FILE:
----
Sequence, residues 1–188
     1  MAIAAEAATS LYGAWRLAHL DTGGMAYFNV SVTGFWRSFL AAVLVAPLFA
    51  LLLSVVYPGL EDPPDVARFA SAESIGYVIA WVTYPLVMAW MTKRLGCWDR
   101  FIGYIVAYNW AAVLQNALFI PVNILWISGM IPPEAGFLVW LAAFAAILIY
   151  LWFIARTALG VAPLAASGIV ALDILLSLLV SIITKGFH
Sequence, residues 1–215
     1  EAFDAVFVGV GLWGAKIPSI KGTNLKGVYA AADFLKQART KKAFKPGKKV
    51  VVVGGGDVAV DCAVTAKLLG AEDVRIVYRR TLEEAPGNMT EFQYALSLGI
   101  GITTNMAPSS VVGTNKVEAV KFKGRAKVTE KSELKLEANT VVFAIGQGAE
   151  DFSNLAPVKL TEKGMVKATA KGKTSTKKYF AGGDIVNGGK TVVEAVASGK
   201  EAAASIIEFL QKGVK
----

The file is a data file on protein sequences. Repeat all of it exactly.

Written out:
Sequence, residues 1–188
     1  MAIAAEAATS LYGAWRLAHL DTGGMAYFNV SVTGFWRSFL AAVLVAPLFA
    51  LLLSVVYPGL EDPPDVARFA SAESIGYVIA WVTYPLVMAW MTKRLGCWDR
   101  FIGYIVAYNW AAVLQNALFI PVNILWISGM IPPEAGFLVW LAAFAAILIY
   151  LWFIARTALG VAPLAASGIV ALDILLSLLV SIITKGFH
Sequence, residues 1–215
     1  EAFDAVFVGV GLWGAKIPSI KGTNLKGVYA AADFLKQART KKAFKPGKKV
    51  VVVGGGDVAV DCAVTAKLLG AEDVRIVYRR TLEEAPGNMT EFQYALSLGI
   101  GITTNMAPSS VVGTNKVEAV KFKGRAKVTE KSELKLEANT VVFAIGQGAE
   151  DFSNLAPVKL TEKGMVKATA KGKTSTKKYF AGGDIVNGGK TVVEAVASGK
   201  EAAASIIEFL QKGVK